© 2015 ellathompson


So, unfortunately I’m a little behind. I missed the first two weeks of lectures because I was shooting a film and I also had to go to Canberra. But no more distractions!

My doco group seems like a pretty fab bunch.

I’m not sure about the first title that was chosen: “The wolf, the crossroads and reaching grandma’s house”. From a marketing perspective, it’s a bit too long and also isn’t all that indicative of documentary as the topic of interest. It works well with the ‘journey’ theme though. On request of the steering committee, we’ve been brainstorming an alternative title. My thoughts are that this title needs to do three things: It needs to relate to the journey theme. It needs to indicate that the topic of interest for the seminar is documentary. And it needs to capture the audience’s interest / catch their eye / be witty or relatable or recognisable / give us a distinctive and exciting style to base our seminar on / be short. The best way to do this is to grab a recognisable film title, and throw in a trigger word for documentary (i.e. truth, discovery… documentary?) in a way that (hopefully) makes the title commendably witty. Recognisable titles (and images) hold marketing value because people notice them. If you’re walking past a poster, you’re not going to notice it for that split second time frame unless it is ridiculously well designed or it has something that you recognise on it in a that brief moment. Recognition is what causes people to react automatically and turn their head to view the poster that has caught their eye. This recognisable feature could be, for example, a famous line of dialogue from Star Wars. The title of a famous feature film or documentary film. Or associated images… Although that probably gets a little difficult with copyright… Nonetheless, the attention-grabbing effect is there! And that attention-grabbing edge is highly valuable. Especially if we’re talking about a poster among tons of other posters. Or a Facebook event with a seminar title among tons of other Facebook events for other seminars. It’s about being heard among the noise.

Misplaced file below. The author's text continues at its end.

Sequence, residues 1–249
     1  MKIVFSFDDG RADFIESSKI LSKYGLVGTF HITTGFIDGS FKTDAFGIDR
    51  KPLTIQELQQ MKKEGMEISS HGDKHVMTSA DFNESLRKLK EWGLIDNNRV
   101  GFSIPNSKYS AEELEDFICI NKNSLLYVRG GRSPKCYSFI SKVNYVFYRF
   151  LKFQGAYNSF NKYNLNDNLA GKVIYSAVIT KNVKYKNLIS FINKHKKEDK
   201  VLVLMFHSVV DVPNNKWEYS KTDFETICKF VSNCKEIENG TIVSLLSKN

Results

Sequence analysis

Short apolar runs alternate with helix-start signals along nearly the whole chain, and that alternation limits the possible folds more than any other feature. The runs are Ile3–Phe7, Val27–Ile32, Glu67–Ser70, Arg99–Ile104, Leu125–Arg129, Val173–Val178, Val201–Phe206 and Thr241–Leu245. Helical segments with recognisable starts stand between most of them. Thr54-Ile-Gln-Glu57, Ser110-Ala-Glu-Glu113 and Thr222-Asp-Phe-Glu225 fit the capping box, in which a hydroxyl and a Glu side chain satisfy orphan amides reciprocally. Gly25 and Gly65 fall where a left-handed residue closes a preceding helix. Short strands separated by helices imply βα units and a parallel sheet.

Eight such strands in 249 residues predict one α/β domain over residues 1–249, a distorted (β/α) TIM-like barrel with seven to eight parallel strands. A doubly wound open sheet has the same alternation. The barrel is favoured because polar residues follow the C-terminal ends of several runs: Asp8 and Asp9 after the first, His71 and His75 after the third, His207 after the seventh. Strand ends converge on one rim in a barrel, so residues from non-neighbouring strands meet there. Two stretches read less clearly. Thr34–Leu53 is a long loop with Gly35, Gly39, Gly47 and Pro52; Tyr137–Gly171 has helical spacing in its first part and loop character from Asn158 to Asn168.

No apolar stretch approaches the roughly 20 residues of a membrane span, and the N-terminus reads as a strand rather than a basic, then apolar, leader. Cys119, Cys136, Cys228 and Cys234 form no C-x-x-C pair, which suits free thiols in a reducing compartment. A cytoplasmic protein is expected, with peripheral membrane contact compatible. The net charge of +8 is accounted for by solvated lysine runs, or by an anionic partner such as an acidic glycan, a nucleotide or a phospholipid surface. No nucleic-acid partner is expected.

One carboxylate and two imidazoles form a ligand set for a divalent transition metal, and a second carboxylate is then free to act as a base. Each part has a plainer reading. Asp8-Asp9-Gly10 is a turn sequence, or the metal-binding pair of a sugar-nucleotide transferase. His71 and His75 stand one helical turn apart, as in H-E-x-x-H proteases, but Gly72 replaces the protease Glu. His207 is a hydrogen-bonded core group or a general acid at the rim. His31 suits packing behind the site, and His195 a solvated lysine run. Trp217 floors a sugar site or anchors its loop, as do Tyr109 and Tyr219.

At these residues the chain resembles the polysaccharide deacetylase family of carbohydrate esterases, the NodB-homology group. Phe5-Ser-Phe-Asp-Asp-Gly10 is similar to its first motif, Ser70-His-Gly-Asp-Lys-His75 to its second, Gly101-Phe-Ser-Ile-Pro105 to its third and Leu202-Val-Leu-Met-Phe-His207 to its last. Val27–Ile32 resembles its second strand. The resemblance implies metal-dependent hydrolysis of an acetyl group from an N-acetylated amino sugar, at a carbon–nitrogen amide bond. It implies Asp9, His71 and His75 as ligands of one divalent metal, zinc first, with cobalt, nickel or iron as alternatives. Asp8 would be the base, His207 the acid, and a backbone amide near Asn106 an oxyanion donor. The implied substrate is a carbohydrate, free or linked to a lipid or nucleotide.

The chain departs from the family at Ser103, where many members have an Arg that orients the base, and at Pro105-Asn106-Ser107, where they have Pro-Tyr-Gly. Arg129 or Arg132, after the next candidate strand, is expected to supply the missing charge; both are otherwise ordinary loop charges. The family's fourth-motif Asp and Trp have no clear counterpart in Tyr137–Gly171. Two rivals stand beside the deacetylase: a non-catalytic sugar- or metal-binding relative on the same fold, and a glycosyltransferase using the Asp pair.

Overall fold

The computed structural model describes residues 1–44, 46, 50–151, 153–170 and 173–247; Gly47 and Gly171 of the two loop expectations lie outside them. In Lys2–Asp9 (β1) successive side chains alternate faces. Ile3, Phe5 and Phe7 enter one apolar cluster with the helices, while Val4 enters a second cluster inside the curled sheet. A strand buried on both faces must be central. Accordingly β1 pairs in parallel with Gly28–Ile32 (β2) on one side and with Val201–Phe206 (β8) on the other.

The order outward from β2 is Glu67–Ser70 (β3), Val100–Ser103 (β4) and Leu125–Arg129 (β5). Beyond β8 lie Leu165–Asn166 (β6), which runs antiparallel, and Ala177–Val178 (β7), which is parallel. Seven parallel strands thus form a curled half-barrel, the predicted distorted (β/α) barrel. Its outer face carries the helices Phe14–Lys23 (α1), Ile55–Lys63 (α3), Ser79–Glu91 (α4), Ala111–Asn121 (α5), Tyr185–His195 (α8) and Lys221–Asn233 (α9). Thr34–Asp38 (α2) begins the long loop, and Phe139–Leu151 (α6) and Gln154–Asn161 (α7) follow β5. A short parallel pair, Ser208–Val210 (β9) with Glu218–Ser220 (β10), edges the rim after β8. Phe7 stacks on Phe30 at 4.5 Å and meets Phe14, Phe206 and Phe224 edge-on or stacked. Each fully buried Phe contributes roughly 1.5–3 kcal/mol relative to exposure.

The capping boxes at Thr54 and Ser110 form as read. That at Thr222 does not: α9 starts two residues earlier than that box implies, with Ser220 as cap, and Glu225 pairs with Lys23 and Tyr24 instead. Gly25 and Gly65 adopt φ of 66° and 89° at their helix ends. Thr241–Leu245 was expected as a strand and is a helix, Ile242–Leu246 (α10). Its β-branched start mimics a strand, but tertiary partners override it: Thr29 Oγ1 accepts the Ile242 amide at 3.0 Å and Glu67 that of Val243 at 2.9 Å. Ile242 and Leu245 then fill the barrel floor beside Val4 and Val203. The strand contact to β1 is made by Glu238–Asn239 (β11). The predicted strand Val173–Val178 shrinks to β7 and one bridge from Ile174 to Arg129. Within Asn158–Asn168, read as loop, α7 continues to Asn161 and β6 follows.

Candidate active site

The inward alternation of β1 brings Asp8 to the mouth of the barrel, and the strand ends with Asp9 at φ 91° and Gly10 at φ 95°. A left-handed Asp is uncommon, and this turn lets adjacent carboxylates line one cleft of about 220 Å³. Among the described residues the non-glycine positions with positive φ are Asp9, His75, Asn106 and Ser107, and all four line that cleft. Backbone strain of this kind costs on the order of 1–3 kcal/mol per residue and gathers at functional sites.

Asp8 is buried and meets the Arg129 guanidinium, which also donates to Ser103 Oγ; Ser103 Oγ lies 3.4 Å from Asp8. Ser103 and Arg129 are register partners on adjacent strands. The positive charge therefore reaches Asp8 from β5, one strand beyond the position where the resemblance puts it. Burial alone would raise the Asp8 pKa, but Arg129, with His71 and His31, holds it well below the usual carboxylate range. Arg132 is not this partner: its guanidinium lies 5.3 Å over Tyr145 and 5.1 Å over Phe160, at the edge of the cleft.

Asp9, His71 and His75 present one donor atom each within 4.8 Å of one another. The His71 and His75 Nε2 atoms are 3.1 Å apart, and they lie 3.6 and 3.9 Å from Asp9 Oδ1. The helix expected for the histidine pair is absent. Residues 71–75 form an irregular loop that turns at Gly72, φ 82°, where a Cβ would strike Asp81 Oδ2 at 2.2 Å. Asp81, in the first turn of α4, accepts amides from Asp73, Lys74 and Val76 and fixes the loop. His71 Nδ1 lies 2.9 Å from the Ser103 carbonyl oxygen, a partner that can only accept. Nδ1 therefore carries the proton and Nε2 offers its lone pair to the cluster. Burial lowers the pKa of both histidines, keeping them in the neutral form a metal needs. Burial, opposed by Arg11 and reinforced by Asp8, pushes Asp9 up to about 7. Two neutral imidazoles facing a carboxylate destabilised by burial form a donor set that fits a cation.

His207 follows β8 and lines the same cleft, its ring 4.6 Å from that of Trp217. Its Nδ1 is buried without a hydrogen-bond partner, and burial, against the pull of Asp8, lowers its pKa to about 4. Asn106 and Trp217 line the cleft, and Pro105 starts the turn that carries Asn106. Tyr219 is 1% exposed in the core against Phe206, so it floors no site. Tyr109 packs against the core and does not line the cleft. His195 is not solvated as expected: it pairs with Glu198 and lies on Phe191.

The new title that we’ve come up with is “Fear and Loathing in Documentary”. I think the group may have again rushed into a seminar title with our second attempt. I love a lot about the new seminar title, but I feel like we could have achieved something much better if we spent a bit more time searching through journey documentary film titles and playing with words. I love the ring of the title and its recognisability. I’m happy with how we’ve thrown in a documentary trigger word (literally just “documentary”). I like that it’s shorter than the last title. I like that it’s moderately witty/humorous – the idea behind it is that documentary filmmaking is a terrifying, gruelling, arduous, even soul-crushing (if we want to go on satirically describing the pain involved) artistic process. I love that the title gives us a fantastic visual style to work with – Hawaiian shirts and bucket hats and bright colours. But I don’t really like that the title isn’t explicitly ‘journey’ themed. I don’t know if Fear and Loathing in Las Vegas is known for being a classic journey film. I haven’t seen the movie, which isn’t helping. (I really want to see it though, it looks absolutely brilliant.) It’s probably a psychological journey. But I don’t know if that’s obvious enough to make it click with the rest of the seminar series. Any story is some sort of journey, but that which is obvious is usually best for marketing purposes. You want it to translate quickly to whoever might see the title. People don’t have five minutes of time and energy to spend wondering how things link. First sign of confusion = dismissal. I could be wrong though. Fear and Loathing in Las Vegas could be wholly journey-themed. Anyhow, the psychological journey in regards to making a documentary is a pretty great interpretation of the journey theme. Let’s just hope that people understand the title with ease and come to our seminar!

Post a Comment

Your email is never published nor shared. Required fields are marked *


You may use these HTML tags and attributes: <a href="" title=""> <abbr title=""> <acronym title=""> <b> <blockquote cite=""> <cite> <code> <del datetime=""> <em> <i> <q cite=""> <s> <strike> <strong>

Skip to toolbar